Contacted by Expresso, Holyoake declined to reveal how much he is offering for the Herdade da Comporta or any details of his plans for the property. He limited himself to stating that he has comfort letters issued by two banks attesting to his financial capacity to compete for one of the Espírito Santo family’s main non-financial assets. “No bank guarantees were requested in this process,” Mr Holyoake stated. The comfort letters are from an Icelandic bank and a Luxembourg bank, neither of which could be identified.
Holyoake’s offer by Comporta is non-binding. A source close to the British entrepreneur assured Expresso that none of the other proposals (neither Berda’s with Paula Amorim nor Louis-Albert de Broglie’s) is binding since final and binding offers will only be formulated after an evaluation of the proposals by the fund that owns the Herdade da Comporta.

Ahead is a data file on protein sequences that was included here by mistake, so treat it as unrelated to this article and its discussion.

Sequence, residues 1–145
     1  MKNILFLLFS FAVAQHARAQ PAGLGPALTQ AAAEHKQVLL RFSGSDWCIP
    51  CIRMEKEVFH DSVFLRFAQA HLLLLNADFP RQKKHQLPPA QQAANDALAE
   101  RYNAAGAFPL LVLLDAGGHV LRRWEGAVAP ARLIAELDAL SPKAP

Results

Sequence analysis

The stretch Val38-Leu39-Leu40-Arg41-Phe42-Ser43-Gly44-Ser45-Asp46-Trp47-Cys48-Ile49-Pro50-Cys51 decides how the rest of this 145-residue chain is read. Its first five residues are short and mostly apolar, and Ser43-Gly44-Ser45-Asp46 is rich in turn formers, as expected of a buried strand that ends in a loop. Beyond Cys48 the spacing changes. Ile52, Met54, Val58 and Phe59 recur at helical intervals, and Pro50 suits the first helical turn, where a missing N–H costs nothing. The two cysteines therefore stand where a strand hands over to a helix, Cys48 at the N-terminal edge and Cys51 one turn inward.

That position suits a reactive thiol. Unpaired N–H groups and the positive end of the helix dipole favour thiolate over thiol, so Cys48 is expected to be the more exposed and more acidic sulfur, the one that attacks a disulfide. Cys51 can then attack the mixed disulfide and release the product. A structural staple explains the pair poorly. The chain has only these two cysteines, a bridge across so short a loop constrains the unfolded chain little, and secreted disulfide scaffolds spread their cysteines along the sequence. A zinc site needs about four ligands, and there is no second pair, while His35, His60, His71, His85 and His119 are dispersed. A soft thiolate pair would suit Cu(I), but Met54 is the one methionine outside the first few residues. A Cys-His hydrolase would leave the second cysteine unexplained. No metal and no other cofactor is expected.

According to reporting by Expresso, several stakeholders in the process have doubts about Holyoake’s proposal through Oakvest, suggesting that the British executive, who has not previously invested in Portugal, is indirectly associated with the Espírito Santo family. Holyoake denies any relationship. “I had never heard anything about Mr Ricardo Salgado until recently, and I never met him, or have I done any business or had any contact with him,” the executive assured Expresso. Holyoake says the same holds true Espírito Santo family. “Our offer is independent and is by no means tied to the past, which is clearly a good point,” he added. Holyoake declined to elaborate on his offer, as opposed to disclosures by his competitors.